In 2015, an inter-ministerial working group was formed under the Prime Minister’s Office, comprised of communication advisors from Norwegian ministries, in order to coordinate and stimulate increased usage of social media outlets such as Facebook and Twitter at the ministry-level as "Digit".
Aims and goals
Social media represents a novel platform for disseminating information and it allows government bureaucracies to engage with citizens in a more direct manner. Accordingly, government bureaucracies increasingly make use of social media platforms such as Facebook and Twitter, also in Norway. However, social media activities were for a long time piecemeal and not linked to any overall coordinating strategy. As a response, a group of communication advisors from different sector-ministries initiated Digit as an informal platform aimed at providing coordinating tools for social media usage among Norwegian ministries. The responsibility for implementing the standards developed in Digit rests with (the communications departments in) the different sector-ministries and the output of Digit remains nominally voluntary.
Key ICT features
The significance of Digit in an ICT perspective is first and foremost related to its overall objective, which is to assist and facilitate the increased usage of social media as a supplement to traditional channels for official communications. Digit is primarily involved in creating standards for how the communication departments in resort ministries employ social media outlets in order to inform and engage with citizens and stakeholders. It does so by producing and disseminating standards and recommendations for communication and graphical profiles. It is also provides a platform for exchange of ideas and best practices between communications departments in the ministries. Via so-called “Digit-projects”, moreover, it has also provided input to targeted social media campaigns across various ministries related to specific topics.
Implications and (un)intended effects
A key motivation for ministries’ use of social media outlets is the wish to be present in an arena used on a daily basis by a growing majority of citizens, whose expectations for the immediacy and availability of information has changed in line with the advent of new communication technologies. Digit’s efforts can thus contribute positively to the democratic legitimacy of public administration. Public information regarding the activities, and even the basic structure, of this working group is however virtually non-existent, which paradoxically contradicts a key democratic principle underpinning official state communication policy. In practice, therefore, there is a mismatch between the administrative logic underpinning the framework – i.e. a tool for internal use, which implies limited external transparency – and the positive connotations surrounding the policy-objectives surrounding its creation.
2. Efficiency and Effectiveness
Via its work on formulating and disseminating standards for communicating via social media, Digit has contributed to a coordinated approach to social media at the ministry-level in Norway. As the lack of such standards, combined with the novelty of the format, has been noted as a key reason for why the format has been scantly used in the past, the activities of Digit has thus contributed positively to Norwegian ministries’ presence on social media arenas. The ideas and standards developed within Digit has also fed into official guidelines communicated to the central bureaucracy as a whole, published by the Norwegian Agency for Public Management and eGovernment (DIFI). Two of the (at present) six participants in Digit provided input to these guidelines, illustrating a potentially beneficial spill-over effect of the accumulation of specialized and practice-oriented expertise on social media usage in Norwegian ministries.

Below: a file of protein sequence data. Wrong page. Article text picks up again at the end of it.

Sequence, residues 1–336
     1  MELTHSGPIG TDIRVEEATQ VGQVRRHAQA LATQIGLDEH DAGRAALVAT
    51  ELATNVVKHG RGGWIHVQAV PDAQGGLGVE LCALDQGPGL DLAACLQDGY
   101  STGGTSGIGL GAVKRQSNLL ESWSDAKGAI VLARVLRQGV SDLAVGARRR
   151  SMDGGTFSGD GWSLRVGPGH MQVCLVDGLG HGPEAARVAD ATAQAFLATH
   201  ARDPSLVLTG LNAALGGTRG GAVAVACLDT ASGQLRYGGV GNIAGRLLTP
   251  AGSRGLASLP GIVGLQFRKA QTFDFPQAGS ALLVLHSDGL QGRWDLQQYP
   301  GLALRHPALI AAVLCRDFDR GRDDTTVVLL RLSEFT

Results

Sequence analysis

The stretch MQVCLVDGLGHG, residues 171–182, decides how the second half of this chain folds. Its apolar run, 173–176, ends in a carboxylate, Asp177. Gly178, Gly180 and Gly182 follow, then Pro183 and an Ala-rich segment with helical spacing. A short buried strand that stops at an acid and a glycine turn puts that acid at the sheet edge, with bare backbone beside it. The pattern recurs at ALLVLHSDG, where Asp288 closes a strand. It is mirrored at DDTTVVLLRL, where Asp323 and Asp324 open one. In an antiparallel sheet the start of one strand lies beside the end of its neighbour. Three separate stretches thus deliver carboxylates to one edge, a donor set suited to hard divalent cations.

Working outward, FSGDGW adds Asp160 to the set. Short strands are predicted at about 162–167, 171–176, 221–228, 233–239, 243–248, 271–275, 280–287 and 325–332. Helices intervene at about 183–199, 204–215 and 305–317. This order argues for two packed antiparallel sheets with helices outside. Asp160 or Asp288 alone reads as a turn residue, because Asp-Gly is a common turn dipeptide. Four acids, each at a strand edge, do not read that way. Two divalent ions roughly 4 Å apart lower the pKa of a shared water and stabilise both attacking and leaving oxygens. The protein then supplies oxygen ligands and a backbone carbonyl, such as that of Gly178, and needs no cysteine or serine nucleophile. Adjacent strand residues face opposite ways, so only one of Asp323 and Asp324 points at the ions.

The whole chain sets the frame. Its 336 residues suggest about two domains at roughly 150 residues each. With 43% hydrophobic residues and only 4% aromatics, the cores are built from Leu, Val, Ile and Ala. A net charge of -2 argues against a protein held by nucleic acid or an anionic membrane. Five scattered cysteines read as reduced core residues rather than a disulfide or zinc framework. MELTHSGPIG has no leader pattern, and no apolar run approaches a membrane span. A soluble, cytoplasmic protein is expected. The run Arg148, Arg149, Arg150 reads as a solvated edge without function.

3. Politics-Administration Dichotomy
As official social media usage increases, the functions performed by Digit become correspondingly central to the ministries’ everyday operations. In this respect, it is interesting to note that it has not come about as part of any grand plan initiated from above. Rather, Digit was initiated from the bottom up by a group of communication advisors with a special interest in increasing the use of social media in Norwegian ministries. The working group thus has as its main constituency the communication departments in Norwegian ministries and is led from within the communications unit at the Prime Minister’s Office (as this is the formal hub for all activities pertaining to state communication policy). In practice, however, it operates as a rather flat network-like structure. Seen in light of the increased importance attached to the functions this working-group fulfil, these features also suggest that Digit heightens the inter-institutional importance of communication advisors as an administrative profession.
The following sources provide a good overview of social media policy in Norway, which forms the backdrop for Digit:
- Veiledning i sosiale medier for offentlig forvaltning (Guidelines for social media in public administration). Guidelines issued by DIFI (Norwegian Agency for Public Management and eGovernment). Available here.
- Sosiale medier i forvaltningen (Social media in the central government). Evaluation report. Available here.
- Central Government Communication Policy. Policy-document. Available here.
- Regjeringens bruk av sosiale medier: veien til mer demokrati i Norge? (The government’s use of social media: a road towards more democracy in Norway?). Report and recommendations from an inter-ministerial working group established to contemplate increased use of social media in central government. Available here.
About the Author
Ole Andreas Danielsen, University of Bergen